It’s a great time of year for runners! The New York City Marathon is just around the corner and proper nutrition and hydration can make or break your success in this 26.2 mile endeavor. Here are some tips and techniques to help fuel performanc...
As a foodie blogger, there is one thing I constantly hear from other parents: “Oh boy, you can never come to my house for dinner.” That’s not very helpful here, but the second thing I hear often might be: “How can I get my kids to eat more/some/any vegetables?” My answer is the same every time: Roast them. I do mean the veggies, and here are my favorite ways to do it.
The method (below) is the same — and delicious — every time, but if you want to add another layer of flavor, try them all.
Method: Toss veggies with 3 tablespoons olive oil and 1 teaspoon kosher salt, and place into an oven at 400 degrees F for 20 to 30 minutes depending on the size of the vegetables. Flip once along the way.
The rest of the world has been sipping on their lattes and petting on their felines for a couple of years now. Meanwhile, the closest America has gotten is a pop-up or two. That seems highly unfair, given the country’s unabashed love affair with cats. Well, it looks like that long national nightmare is over. California just opened their very own cat cafe.
Cat Town Cafe in Oakland, California will get you filled up with caffeine and with noted parasite toxoplasma gondii. All of the cats roaming around are adoptable if you are looking to work some kind of ‘rent to own’ deal. In addition to feisty kitties, they serve a variety of coffee drinks and snacks. You know, the usual coffee shop fare.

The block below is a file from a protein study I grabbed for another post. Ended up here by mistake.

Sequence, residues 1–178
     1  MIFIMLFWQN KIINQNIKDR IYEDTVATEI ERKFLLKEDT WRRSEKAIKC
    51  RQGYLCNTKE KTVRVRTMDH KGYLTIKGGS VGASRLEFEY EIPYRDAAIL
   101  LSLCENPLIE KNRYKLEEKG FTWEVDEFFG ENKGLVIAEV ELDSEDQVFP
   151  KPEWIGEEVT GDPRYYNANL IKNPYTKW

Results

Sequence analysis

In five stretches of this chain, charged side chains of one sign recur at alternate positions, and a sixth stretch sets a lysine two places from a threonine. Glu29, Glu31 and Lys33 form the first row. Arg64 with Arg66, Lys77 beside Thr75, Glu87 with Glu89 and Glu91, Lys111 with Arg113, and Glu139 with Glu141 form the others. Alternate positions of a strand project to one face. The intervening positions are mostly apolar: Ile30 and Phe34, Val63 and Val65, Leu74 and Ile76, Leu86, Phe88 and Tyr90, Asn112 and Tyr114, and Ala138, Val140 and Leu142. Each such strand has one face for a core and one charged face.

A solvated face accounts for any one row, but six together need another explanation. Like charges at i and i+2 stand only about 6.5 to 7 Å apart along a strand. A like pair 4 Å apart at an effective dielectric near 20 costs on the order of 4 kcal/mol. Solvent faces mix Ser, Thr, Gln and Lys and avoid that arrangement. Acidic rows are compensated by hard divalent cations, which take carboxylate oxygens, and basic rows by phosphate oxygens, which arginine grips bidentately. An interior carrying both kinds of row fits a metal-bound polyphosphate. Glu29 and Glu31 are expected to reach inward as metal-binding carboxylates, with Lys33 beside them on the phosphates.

Chilly fall mornings call for piping hot breakfasts. This porridge fits the bill and the added spices make it all the more invigorating. If you’re looking to change up your morning oatmeal routine, give amaranth a go. Though it takes a few ext...
From filthy kitchens and grimy furniture to mismanaged staff members and owners who’ve lost their passion for the restaurant business, Robert Irvine has seen nearly everything in his nine seasons on Restaurant: Impossible. But while all of Robert’s missions require his and his team’s full $10,000 budget and 48 hours of work, some projects are loftier than others, with the shell of the businesses all but crumbling under their failures when Robert arrives.
On tonight’s episode of Restaurant: Impossible, fans looked back at these seemingly hopeless missions and relived the daunting challenges Robert and his team endured in order to complete their tasks on time. Such restaurants, including Dinner Bell Restaurant, which was just days away from closing before Robert’s mission began, and Frankie’s, which was headed by a pair of sparring owners, have proved to be simply unforgettable and now are among the worst of the worst.